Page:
In addition to simply organizing and presenting content in ways that speak to the YouTube audience, uploading the kinds of content best positioned to appeal to YouTube viewers also can create advantages. I identified three broad categories of content types currently produced by museums:

“Promotional” content consists of short (usually less than one minute) video ads for specific exhibitions or events, with no supplementary content. For example, this promotion for SFMOMA’s Project Los Altos:

“Inward-looking” content, or content mostly focused on discussing museum goings-on, includes profiles of museum programs, event videos, vox pop reaction videos for exhibitions, and installation videos. A recent example from our channel was an installation video for Richard Serra’s sculpture Sequence:

“Outward-looking” content is more entertainment- and/or education-focused, and includes things like mini documentaries, profiles of artists, performances, and talks.

In my sample of YouTube videos from museum channels, outward-looking content showed the strongest performance, making up 51 percent of top channel videos and 75 percent of top videos with more than one hundred thousand views. To me, this indicates that among the wider YouTube audience, content that is less promotional and museum specific, and more directly designed to impart knowledge or provide entertainment, tends to get wider traction.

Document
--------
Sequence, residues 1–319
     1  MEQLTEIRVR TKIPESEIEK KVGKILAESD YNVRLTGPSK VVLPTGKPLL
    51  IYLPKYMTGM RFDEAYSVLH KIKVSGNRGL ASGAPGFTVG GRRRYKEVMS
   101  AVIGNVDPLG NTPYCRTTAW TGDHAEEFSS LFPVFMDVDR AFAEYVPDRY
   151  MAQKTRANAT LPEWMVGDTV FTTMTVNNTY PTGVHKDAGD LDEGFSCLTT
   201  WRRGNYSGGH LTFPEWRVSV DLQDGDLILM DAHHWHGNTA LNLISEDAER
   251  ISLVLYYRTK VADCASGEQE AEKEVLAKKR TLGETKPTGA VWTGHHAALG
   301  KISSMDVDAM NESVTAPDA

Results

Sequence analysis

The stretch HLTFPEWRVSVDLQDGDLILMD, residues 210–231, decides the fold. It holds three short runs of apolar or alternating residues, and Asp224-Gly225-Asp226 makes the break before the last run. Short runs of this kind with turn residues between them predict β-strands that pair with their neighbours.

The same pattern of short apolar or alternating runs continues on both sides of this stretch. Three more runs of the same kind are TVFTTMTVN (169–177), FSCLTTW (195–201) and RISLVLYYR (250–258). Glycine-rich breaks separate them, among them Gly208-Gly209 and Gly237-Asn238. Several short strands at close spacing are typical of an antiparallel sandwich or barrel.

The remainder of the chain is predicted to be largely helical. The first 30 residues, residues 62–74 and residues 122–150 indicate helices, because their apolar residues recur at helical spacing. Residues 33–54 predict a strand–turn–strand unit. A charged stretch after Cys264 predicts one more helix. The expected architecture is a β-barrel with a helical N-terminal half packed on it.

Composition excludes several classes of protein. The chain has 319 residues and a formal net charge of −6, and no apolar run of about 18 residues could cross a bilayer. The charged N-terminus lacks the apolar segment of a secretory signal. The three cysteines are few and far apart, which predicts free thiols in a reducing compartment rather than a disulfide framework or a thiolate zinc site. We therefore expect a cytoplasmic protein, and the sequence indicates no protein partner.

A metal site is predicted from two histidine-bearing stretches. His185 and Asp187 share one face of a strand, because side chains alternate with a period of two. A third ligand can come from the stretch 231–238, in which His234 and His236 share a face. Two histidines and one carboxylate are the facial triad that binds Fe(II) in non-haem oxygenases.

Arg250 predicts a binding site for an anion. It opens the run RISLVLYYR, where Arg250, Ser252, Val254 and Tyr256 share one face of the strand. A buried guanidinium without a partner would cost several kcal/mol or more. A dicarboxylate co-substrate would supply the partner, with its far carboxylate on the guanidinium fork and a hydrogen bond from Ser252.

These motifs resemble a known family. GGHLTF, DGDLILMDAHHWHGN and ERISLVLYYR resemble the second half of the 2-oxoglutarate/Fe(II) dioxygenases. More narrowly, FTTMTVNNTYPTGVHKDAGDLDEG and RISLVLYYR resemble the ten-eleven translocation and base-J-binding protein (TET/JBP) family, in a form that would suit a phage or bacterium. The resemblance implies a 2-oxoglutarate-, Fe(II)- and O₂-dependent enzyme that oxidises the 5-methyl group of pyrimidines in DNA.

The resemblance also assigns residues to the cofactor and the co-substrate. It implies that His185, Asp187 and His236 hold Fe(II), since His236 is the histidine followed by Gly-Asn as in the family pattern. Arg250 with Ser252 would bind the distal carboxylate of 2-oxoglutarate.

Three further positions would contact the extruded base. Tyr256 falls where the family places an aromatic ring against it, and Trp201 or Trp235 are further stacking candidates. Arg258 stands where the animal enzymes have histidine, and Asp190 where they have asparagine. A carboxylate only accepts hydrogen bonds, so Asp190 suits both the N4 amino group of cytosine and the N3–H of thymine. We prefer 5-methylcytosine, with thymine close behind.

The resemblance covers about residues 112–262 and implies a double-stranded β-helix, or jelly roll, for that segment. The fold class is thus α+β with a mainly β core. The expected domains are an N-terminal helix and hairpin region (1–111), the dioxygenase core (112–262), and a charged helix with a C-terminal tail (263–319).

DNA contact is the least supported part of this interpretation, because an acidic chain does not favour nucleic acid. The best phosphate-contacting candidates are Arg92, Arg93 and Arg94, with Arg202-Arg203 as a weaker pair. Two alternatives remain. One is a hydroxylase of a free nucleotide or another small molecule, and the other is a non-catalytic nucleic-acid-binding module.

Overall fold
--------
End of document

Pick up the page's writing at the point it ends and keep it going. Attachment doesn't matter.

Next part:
Promotional videos were the second-most-successful category, likely because they are part of concerted marketing efforts. But these videos have a limited shelf life, corresponding to the timeframe of the marketing campaign of the exhibition they are designed to promote, and interest in them generally did not extend over longer periods of time. Few promotional videos reached view counts of one hundred thousand or more.

As is the case with most social media, people do not come to YouTube to be solicited. Individual institutional reputations do little to draw viewers to YouTube videos, especially when those viewers may not live near a given museum or ever plan to visit it. Rather than continually telling audiences who they are, museums should use YouTube to show what they can teach, and demonstrate that the knowledge they possess is interesting and relevant.

Currently, the jumble of content types and lack of organization on many museum YouTube channels (including ours) give little indication of what viewers will gain by watching. For viewers to really get excited about our channels and videos, they need to know what we’re offering them, which means institutions need to internally define their channels’ purposes and brand. Then we should communicate our missions clearly — through the content we make, the content we choose not to upload, and the graphics, titles, playlists, and other elements that shape a channel’s unified identity.

For more on museums and YouTube, check out my Museums and the Web paper “Art Museums and YouTube: Current Practice and Potential Strategy,” or take a look at my Museums and the Web presentation slideshare.

Emily Robbins

Emily Robbins; photo: Don Ross

Emily Robbins

Emily Robbins is the web and digital assistant at SFMOMA.